ARPKD General Questions

How is ARPKD diagnosed?

Enlarged kidneys typically prompt a test for autosomal recessive polycystic kidney disease (ARPKD). In some babies, a prenatal ultrasound can detect enlarged kidneys as early as 18 weeks after conception. Families may also hear the kidneys look “echogenic” (emitting echo signals) during an ultrasound, which can be an indicator of kidney problems such as ARPKD.

Genetic diagnosis (or pre-implantation genetic diagnosis) is an early form of testing that can detect specific abnormalities in single cells taken from fertilized human embryos. Embryos that are diagnosed as free of the disorder are then placed in the uterus with the intent to initiate a pregnancy; embryos that test positive for the disorder are destroyed. 

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What is the prognosis for children living with ARPKD?

The prognosis for children with ARPKD has improved dramatically over the last twenty years. Approximately 70 percent of newborns diagnosed with ARPKD survive the first month of life, and more than 85 percent survive to their tenth birthday. This is largely thanks to prenatal sonogram technology, which allows for a pre-birth diagnosis of ARPKD and can prepare the healthcare team in proactively treating the child.

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Besides the kidneys, what else can ARPKD affect, and what is the biggest health concern?

  • Kidneys: Once an infant with ARPKD survives the critical neonatal period, kidney failure becomes the next most prominent life threatening issue. Severely enlarged kidneys also further limit lung function by preventing adequate lung expansion. ARPKD affects both kidneys and the liver, so affected children may have very enlarged kidneys and decreased urine production at birth.
  • Lungs: The immediate life-threatening issue for newborns with ARPKD is the severity of lung immaturity. In some newborns with low levels of amniotic fluid (due to low urine production in utero), impaired lung development can result in serious breathing difficulties that require ventilation upon birth, and sometimes can cause death.
  • Blood pressure: High blood pressure is very common in children with ARPKD, and current information indicates that untreated high blood pressure can lead to kidney failure more quickly than if the blood pressure is kept within the normal range with medications.
  • Liver: Children with ARPKD also have a liver abnormality called congenital hepatic fibrosis (CHF) that may lead eventually to enlargement of the liver and spleen. In the liver, this abnormality can lead to a condition called portal hypertension, which can cause increased pressure and varices in the veins around the esophagus, stomach and intestine. In addition, portal hypertension can cause the spleen to enlarge, resulting low red blood cells, white blood cell and platelet counts.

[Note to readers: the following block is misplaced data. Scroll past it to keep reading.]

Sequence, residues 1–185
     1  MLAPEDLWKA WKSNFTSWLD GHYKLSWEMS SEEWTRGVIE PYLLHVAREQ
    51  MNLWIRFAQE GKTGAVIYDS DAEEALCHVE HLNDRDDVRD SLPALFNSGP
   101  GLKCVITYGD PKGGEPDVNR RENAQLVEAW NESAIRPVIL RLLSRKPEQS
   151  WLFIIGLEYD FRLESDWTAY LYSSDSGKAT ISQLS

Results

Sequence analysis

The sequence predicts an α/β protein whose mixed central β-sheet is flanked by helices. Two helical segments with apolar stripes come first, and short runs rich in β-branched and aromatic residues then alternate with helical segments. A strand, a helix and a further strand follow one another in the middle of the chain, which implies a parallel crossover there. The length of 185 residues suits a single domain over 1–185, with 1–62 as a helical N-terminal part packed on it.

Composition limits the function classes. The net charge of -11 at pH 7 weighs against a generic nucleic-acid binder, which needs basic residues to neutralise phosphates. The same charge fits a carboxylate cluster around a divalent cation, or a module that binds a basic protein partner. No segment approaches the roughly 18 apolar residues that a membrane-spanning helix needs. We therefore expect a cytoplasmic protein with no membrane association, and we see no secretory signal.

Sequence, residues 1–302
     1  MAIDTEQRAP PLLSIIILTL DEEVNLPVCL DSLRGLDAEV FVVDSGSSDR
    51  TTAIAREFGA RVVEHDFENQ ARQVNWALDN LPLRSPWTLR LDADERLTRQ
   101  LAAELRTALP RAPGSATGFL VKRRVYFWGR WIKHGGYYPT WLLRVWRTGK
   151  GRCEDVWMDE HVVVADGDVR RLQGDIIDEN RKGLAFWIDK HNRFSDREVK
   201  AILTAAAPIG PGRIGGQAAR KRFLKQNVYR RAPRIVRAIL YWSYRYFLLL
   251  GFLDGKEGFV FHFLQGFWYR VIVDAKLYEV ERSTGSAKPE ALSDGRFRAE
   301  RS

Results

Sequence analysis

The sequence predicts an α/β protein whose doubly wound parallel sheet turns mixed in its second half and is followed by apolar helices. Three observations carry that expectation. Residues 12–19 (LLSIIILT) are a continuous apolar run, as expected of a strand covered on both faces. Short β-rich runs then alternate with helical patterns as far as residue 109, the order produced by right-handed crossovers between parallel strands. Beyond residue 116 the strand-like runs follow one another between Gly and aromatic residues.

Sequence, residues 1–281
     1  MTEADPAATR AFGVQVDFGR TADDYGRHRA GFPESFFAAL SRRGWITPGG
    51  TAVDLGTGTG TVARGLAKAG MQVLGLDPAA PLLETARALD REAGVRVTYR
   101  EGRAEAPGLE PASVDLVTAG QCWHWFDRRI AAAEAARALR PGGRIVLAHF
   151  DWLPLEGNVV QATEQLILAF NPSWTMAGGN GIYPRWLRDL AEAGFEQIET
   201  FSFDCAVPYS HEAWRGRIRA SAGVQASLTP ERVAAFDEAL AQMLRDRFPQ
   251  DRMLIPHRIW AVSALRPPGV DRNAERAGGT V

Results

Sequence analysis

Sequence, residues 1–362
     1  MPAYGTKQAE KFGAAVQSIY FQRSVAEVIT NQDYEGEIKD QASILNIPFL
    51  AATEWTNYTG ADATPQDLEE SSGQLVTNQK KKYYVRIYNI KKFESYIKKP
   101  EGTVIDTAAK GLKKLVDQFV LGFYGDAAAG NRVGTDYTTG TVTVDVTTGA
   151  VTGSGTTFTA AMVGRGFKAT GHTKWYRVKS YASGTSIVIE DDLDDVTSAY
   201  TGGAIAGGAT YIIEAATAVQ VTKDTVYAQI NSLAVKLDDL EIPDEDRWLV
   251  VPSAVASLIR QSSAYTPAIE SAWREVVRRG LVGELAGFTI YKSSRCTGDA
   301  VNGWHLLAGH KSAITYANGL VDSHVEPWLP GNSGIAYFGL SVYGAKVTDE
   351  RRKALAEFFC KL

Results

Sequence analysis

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Is there a relationship between PKD and cancer?

Although both PKD and cancer involve unregulated cell growth, there is no proven connection between the two diseases. 

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Is PKD contagious? How do other family members get it? 

PKD is not contagious. It is a genetic disease, which means you have it in your chromosomes.

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Where can I get tested to find out if I have PKD?

To find a genetic clinic near you, visit the Canadian Association of Genetic Counsellor's website here

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What are some important questions to ask at the first appointment with our pediatric nephrologist?

If your child has been diagnosed with ARPKD, you probably have many questions. It’s time to take the first steps towards becoming their primary healthcare advocate. Below are some of the most important and common questions you should consider asking at the first appointment. 

  • What is the current renal function? 
  • How can we decrease the progression of CKD? 
  • What are some of the side effects we can expect at this time, and how can we mitigate them? (for example, anemia, hypertension, growth failure) 
  • How is the liver performing? 
  • How often should we check blood pressure, and what is the reading goal? 
  • Are there any dietary of physical restrictions we should be aware of? 
  • What kind of medications will my child need to take? 
  • Should we be concerned with a fever? 
  • What is the timeline for follow up appointments? How often will appointments take place? 
  • Are there any other specialists we should see? 
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What kind of doctor will my child need to see, and how can I find doctors experienced in treating children with ARPKD?

A pediatric nephrologist is a specialist trained in the care of children with kidney diseases, like ARPKD. Children who also show symptoms of liver disease may also need to see a hepatologist, or liver specialist. Your child’s pediatrician will be your first point of reference, and should refer you to an experienced pediatric nephrologist.

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